In the January-March quarter, Japan’s GDP rose by an annualized 3.9%, the highest number seen since the same quarter back in 2014 where growth had risen by 4.4% due to demand ahead of the sales tax hike implementation last April.

This growth is mainly due to active investments from Japanese companies, as Chief Cabinet Secretary Yoshihide Suga told a news conference on Monday. Companies are starting to increase their domestic capital spending.

Indeed, the number significantly rose from 0.4% to 2.7% on the quarter from preliminary data. Furthermore, the average age of Japanese companies’ domestic facilities has risen from 10 to 15 years between 1995 and now.

Preliminary data had undervalued capital spending figures by a considerable amount. A large number of these figures had to be adjusted upward in the revised data.

The numbers that were estimated in May 20 showed that Q1 would mark the first increase in four quarters, when it reality, revised data showed that this quarter was the third straight quarter of growth in corporate expenditures. Overall, revised data was changed from a 0.5% decrease to a 0.4% increase.

Businesses in Japan Have More Incentive

In the past few years, Japanese businesses did not have any incentives to renew their facilities. With contracting domestic demand, an ageing population combined, and a long economic slump, businesses had shied away from renovation.

However, with growing profits and a sustained weak yen, which has been one of Asia’s worst performing currencies, more and more companies find an advantage in replacing their facilities that have become uncompetitive.

This recovery can be best illustrated by the electronics industry, which is coming out of a restructuring period. Panasonic’s president Kazuhiro Tsuga said investments in domestic facilities for products that can be exported from Japan will be the number one priority for this fiscal year.

Panasonic plans to increase its capital spending both in Japan and abroad to 285 billion yen (($2.25 billion), representing an increase of 25%.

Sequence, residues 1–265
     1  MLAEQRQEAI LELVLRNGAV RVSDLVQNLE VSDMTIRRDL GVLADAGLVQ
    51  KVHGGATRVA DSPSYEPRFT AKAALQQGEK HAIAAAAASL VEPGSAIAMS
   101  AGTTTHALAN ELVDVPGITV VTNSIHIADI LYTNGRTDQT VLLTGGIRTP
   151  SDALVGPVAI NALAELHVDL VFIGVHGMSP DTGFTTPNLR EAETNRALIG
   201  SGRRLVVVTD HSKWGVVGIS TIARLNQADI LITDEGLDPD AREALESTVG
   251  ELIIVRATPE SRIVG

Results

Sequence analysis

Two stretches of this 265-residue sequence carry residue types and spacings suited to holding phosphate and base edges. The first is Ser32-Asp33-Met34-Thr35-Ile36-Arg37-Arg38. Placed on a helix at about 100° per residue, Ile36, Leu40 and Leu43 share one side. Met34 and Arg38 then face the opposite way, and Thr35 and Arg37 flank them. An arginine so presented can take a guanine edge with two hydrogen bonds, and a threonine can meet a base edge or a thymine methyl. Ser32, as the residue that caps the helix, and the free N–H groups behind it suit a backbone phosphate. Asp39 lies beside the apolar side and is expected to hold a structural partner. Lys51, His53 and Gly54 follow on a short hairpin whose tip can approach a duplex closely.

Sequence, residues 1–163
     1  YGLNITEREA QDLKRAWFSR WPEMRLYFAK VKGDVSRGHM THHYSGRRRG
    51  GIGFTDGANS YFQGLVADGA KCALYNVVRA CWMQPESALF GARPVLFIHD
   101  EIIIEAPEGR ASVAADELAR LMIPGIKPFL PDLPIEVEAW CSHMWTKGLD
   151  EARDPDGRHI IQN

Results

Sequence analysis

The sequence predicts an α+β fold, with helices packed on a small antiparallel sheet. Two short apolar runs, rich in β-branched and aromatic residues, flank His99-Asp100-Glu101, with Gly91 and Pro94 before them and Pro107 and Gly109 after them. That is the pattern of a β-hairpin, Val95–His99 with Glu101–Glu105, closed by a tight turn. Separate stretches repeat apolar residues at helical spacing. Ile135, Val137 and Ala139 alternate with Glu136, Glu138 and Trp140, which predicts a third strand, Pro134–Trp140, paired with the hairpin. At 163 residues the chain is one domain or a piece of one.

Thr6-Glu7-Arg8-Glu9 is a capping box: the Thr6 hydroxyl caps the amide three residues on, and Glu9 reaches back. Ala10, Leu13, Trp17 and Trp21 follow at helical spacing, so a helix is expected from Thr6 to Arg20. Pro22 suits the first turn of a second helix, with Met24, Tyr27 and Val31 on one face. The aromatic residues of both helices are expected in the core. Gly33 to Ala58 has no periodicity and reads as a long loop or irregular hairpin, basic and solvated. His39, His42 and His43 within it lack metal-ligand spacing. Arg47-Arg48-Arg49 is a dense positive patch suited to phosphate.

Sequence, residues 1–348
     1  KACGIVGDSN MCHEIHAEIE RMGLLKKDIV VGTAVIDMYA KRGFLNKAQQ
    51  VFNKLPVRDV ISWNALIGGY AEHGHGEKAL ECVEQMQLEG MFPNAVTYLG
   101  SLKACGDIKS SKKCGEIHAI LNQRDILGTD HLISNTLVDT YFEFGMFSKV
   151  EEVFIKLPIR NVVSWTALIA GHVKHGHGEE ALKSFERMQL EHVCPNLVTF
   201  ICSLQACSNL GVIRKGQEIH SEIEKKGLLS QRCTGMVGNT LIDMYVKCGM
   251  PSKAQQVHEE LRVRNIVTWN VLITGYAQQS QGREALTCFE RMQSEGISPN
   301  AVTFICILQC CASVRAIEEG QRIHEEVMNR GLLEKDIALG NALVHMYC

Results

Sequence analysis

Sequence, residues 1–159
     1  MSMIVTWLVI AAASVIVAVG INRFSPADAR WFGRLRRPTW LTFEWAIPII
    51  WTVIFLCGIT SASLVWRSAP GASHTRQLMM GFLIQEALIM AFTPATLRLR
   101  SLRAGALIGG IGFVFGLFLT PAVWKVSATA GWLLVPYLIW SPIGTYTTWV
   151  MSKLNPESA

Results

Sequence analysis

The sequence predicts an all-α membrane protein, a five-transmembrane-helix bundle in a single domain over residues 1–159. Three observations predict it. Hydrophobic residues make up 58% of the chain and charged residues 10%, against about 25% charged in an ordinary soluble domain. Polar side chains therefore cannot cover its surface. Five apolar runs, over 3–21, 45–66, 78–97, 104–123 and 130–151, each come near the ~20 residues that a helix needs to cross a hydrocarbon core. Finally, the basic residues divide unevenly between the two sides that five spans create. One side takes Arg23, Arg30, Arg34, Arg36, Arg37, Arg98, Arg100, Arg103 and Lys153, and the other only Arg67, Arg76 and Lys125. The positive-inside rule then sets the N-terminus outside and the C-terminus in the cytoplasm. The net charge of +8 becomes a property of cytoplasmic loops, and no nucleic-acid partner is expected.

Toyota Motor is another example. It is looking to boost their global investment by 1.2% to 1.2 trillion yen in the fiscal year 2015. The global automaker plans to invest in both new assembly plants abroad and in existing domestic plants.

This capital spending boom has spilled over to industries other than the manufacturing sector. Mitsubishi Estate is planning on increasing their investment by 81% to 320 billion yen this fiscal year. The company wants to redevelop its domestic properties in Tokyo.

Statistics from the finance ministry shows that capital spending should outpace depreciation costs. Companies are starting to spend their cash that was accumulated during the deflation years, and are breaking their old habit of making minimal investments.

Is the Growth Enough? Is it Sustainable?

However, it must be asked: is this capital spending boom enough to really drive the economy? The answer to this is less clear. Indeed, a leading indicator showed that machinery orders for April-June are projected to decline by 7.4% on quarter.

Furthermore, the Economy Watchers Survey for May shows signs of unsteady economic conditions. According to the survey, the economic sentiment index is set to decline 0.3 points to 53.3. This is due to concerns about material prices rising against a weak yen.
There is a clear trend of companies investing with their abundant cash, but it still remains to be seen whether this will continue to have a significant impact on the Japanese economy. Growth prospects for other countries in Asia are still brighter and more certain.

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Chinese Shares Enter Correction Territory

By Liana Lie

Hong Kong – China’s main Shanghai Composite Index and the CSI300 both plunged by over 2% on Friday morning, falling by over 10% from their highs on the 12th of June and entering correction territory. The decline marks the first drop of over 10% since January of last year.

Investors sold stocks as Beijing begins cracking down on illegal margin trading, along with a new wave of IPOs across mainland China this week totaling around 6.7 trillion yuan (US$1.1 trillion). Margin trading is over three times as prominent in China than in the US.

The drop also comes a day after Janet Yellen indicated that the Federal Reserve will be slow in raising interest rates, highlighting investors’ concerns for the US, China and the rest of the global economy.

The Chinese stock market has had impressive gains this year and remains up over 45% year-to-date. The Shanghai Composite began 2015 standing at 3,234 points, and remains over 4,600 points as of Friday, June 19th.

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Indonesia’s Chance of Default Rises, Rupiah Weakens

By Mireille Bisnaire

Slowing economic growth, the rupiah at a 17-year low versus the dollar and accelerating inflation have all fueled concerns that foreign investors could pull out of Indonesia.